2. Play it safer. Although aging might be ending soon, bus routes won’t be, and all the medications in the world won’t stop you from getting hit by a bus. The big problem is, if you live for 700 years instead of 70 years, you’ll be crossing the street a lot more times. All of those small dangers that we ignore because they probably won’t kill us in the next 50 years? Well, they might kill us in the next 500, so we’ll have to re-think our level of acceptable risk.
3. Don’t Make Lifelong Commitments. People can change dramatically in as little as a few years, so how could you possibly pretend to know that your needs and desires when you’re 335 will be the same as now? Imagine working at the same company for 200 years. And nobody would ever marry anybody if at the altar you had to literally commit for 1,000 years (it gives a whole new meaning to this song…). Instead, give yourself reasonable time-frames. You may still be in love with that person in 100 years, or you might not. But either way…
4. Get out when you should. We’ve all met people who’ve worked the same lousy job for 40 years, or have been fighting with their spouse non-stop since before the kids were born. Again, we don’t think about this, but they’re really just riding it out until they die. That won’t really be an option in this brave new world. Instead, recognize a bad situation, and take responsibility to end it when you should. But!!! On the flip side…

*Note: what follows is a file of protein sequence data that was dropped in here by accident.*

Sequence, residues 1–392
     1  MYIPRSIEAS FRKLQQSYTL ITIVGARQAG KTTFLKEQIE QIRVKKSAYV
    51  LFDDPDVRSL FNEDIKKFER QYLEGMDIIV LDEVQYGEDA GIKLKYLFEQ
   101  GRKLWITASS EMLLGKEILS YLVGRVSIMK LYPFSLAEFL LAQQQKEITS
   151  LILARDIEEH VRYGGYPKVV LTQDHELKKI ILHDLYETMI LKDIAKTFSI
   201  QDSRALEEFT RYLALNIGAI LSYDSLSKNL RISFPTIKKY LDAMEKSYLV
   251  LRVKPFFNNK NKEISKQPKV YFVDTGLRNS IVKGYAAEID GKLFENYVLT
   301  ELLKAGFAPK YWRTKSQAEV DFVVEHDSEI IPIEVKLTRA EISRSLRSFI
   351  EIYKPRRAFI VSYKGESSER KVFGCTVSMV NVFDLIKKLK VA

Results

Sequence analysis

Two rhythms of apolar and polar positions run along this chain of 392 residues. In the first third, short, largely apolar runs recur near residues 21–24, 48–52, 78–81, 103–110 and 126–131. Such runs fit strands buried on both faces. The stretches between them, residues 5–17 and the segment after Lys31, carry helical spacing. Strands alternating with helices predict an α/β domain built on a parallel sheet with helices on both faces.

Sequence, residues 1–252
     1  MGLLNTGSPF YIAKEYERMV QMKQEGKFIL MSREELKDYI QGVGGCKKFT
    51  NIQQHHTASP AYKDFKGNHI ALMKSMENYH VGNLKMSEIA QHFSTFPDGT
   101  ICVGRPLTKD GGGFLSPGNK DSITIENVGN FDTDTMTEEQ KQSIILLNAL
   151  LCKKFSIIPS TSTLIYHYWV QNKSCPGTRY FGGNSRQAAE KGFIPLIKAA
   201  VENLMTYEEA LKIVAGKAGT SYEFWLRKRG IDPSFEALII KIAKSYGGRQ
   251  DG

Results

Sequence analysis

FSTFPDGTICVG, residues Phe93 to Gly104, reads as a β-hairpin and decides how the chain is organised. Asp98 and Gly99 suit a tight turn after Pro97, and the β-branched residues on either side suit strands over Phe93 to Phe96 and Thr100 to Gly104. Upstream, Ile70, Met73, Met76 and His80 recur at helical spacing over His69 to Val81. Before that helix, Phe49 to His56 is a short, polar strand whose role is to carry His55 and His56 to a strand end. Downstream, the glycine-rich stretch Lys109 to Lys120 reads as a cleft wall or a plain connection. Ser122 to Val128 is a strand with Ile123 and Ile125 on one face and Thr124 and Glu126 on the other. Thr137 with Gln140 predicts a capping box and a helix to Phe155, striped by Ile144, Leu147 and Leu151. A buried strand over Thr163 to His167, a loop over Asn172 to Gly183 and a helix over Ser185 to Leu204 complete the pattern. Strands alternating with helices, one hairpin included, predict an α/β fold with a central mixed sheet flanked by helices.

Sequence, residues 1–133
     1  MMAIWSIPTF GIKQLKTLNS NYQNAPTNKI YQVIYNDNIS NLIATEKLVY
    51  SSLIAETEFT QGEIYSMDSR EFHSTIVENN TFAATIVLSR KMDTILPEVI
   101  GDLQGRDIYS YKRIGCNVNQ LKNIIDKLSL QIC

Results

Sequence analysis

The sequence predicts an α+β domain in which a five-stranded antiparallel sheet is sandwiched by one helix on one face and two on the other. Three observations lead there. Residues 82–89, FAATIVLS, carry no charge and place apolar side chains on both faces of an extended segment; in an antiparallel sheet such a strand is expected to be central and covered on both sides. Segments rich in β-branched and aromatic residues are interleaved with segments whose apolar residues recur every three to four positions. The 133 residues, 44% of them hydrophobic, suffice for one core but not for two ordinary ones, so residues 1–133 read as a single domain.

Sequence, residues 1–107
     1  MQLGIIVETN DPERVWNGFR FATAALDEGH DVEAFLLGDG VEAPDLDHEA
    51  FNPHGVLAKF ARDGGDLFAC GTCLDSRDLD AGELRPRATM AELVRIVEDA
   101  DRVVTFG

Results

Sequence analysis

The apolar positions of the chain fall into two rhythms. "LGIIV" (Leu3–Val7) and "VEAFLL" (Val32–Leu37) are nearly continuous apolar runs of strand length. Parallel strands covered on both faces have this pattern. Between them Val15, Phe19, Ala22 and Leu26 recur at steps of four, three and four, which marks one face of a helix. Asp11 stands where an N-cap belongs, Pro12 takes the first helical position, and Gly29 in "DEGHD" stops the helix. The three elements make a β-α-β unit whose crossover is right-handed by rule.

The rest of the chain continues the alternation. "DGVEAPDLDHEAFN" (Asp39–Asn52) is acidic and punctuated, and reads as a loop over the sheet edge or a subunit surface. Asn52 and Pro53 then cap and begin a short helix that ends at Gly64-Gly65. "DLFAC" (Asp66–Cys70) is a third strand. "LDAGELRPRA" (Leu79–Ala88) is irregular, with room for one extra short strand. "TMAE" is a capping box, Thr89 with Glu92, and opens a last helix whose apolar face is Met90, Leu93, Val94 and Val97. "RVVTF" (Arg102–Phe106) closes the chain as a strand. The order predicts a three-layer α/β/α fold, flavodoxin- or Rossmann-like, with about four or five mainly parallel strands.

5. Explore possibilities. For the last 100 years, the average person’s life goals could be summarized as “pick a job, learn that job, do that job, have fun along the way,” biding the time until you die. And that’s been nice, but most of us have more than one thing that interests them. Imagine what you’d do if you really had the time to explore all of your passions? Maybe instead of 1-2 careers, people will someday have 9-10 or more. If you have a lot of time, then you can try more, and it wasn’t wasted even if that experiment didn’t pan out. Since you have more time, there’s less pressure to do things right the first time, and more freedom to try more jobs, more people, more books, more shows, more activities, more everything. You don’t have to be afraid of making a commitment anymore.
6. Re-think retirement. Yeah. That’s just not going to happen. More likely, you’ll work for some amount of time and save money, maybe 30 years, then use that money to take 5 years off and travel, then go back to school, and start in a new field. So plan your money accordingly.
7. Don’t forget that everything else is going to change too. We routinely make the mistake of making long-term decisions while assuming that very little is going to change between now and our death. But with the pace of technology, it has never been more obvious than now that that is just not true. So if you’re trying to make far-ranging decisions of any kind, you have to look to the fringes of what’s possible today. Because 30 years ago, there were no smartphones, no internet, no laptops, etc. In another 30 years, the world will run on fusion power, robots will do most of the jobs, and knowledge will be downloaded directly into your brain. And people will be living forever. That really is all stuff you should probably be considering now, because it’s coming.